Suddenly, Those Troglodyte Fans Wanting Les Miles Fired Last Year Aren’t Such Troglodytes Anymore

History is written by the victors, as we know, and until Saturday afternoon’s putrid performance leading to No. 5 LSU losing a 16-14 debacle Les Miles and his supporters were the winners of last November’s media-driven political fight (it became such when the move to fire Miles was leaked to the Baton Rouge Advocate by LSU Board of Supervisors member Stanley Jacobs two weeks before it was to come to fruition) over his job.

And so the media narrative nationally – and locally, too – around LSU in the offseason has been that Miles was unfairly treated by overzealous and heartless meddling moneybag boosters, that it’s insane to want to fire a coach who has won 77 percent of his games and that 2016 would be the season Miles answered his critics.

His backers even insisted that a veteran quarterback like Brandon Harris now is would enable Miles and his offensive coordinator Cam Cameron to run a wide-open, unpredictable offense that would show off more than just Leonard Fournette – and in so doing would make for Fournette seeing a lot more daylight than he’s seen in the past – and produce more highlights as well.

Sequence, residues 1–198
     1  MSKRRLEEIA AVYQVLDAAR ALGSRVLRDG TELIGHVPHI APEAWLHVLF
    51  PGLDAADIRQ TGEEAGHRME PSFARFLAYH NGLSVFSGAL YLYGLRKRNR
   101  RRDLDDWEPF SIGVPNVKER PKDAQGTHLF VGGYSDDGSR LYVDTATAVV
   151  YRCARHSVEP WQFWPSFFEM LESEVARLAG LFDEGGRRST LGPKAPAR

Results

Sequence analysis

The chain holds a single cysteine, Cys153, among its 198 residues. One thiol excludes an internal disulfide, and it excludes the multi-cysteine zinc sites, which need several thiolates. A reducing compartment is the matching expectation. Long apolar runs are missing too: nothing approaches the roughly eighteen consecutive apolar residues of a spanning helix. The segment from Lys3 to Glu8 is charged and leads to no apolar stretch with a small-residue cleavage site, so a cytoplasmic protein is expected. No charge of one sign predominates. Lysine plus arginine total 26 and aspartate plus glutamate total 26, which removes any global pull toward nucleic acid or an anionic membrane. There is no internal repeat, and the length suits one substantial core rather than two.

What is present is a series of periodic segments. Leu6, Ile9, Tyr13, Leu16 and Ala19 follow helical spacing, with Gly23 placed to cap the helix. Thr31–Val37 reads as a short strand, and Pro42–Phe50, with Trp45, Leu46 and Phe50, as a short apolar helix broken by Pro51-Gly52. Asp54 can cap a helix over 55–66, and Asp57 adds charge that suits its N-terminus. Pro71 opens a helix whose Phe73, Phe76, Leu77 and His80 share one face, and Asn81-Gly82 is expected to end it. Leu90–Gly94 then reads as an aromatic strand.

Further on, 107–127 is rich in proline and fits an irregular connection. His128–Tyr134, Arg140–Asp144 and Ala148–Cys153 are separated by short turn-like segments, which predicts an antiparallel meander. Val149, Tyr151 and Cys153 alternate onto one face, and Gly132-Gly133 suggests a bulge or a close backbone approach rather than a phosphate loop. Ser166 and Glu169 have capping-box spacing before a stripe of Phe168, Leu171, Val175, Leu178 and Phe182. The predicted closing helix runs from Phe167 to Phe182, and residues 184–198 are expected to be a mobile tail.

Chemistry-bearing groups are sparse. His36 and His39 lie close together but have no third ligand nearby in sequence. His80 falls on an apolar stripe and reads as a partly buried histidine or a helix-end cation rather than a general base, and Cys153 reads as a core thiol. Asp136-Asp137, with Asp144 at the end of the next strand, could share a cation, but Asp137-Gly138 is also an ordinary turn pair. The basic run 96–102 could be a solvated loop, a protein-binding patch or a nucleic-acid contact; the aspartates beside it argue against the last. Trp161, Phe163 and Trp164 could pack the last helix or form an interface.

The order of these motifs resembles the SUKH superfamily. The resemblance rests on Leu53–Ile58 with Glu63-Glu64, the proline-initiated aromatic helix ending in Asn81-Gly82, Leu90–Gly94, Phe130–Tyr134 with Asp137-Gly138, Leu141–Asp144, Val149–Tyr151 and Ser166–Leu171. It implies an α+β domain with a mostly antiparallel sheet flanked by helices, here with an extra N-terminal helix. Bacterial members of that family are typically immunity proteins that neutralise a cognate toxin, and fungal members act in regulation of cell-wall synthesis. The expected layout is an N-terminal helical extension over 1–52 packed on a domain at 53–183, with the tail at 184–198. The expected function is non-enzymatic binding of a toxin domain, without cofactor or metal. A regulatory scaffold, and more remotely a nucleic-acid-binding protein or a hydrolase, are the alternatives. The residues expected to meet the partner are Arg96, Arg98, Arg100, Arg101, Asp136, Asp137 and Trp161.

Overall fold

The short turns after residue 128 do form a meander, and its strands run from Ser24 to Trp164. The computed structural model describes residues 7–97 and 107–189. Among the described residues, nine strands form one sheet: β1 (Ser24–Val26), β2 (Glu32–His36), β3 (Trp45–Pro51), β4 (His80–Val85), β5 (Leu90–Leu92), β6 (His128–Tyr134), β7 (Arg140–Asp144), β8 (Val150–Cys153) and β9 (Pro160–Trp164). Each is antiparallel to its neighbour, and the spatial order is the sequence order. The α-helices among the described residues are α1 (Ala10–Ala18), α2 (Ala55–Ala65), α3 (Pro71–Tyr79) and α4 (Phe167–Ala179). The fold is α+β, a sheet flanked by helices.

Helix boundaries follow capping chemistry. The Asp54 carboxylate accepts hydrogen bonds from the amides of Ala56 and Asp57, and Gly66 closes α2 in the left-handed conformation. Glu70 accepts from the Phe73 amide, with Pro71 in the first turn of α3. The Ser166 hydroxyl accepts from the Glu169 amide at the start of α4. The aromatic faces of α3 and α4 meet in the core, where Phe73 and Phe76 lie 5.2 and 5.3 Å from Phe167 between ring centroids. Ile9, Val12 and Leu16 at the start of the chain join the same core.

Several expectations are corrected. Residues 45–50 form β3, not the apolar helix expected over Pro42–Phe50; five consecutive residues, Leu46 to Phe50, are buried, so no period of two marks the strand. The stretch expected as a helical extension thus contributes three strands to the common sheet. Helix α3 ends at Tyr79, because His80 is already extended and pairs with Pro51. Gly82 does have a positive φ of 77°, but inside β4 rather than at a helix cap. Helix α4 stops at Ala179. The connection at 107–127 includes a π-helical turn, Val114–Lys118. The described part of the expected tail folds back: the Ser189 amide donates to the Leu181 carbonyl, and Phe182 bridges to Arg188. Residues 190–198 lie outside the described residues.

Lots of people were OK with that history. I was one of them after being ready to see Miles gone in November. After all, he didn’t get fired. What’s the point of doomsaying LSU football when you didn’t get your way? If you still enjoy following the Tigers it almost seems like a character problem to spend an offseason trashing the coach when he’s ranked in the Top 5.

And after Miles escaped the axe by engineering a pedestrian win over a mediocre Texas A&M team at the end of the 2015 regular season, he did offer some reasons for optimism. The hire of Dave Aranda as the defensive coordinator has been regarded universally positively. LSU brought in a great recruiting class. Lots of last year’s juniors who had the ability to turn pro and be drafted fairly highly in the NFL Draft in April opted to return.

The scenario that Miles would have a magical season exorcising the demons of the last several seasons since that debilitating national championship game loss to Alabama in January of 2012 looked at least plausible, so why not play along and join the fun?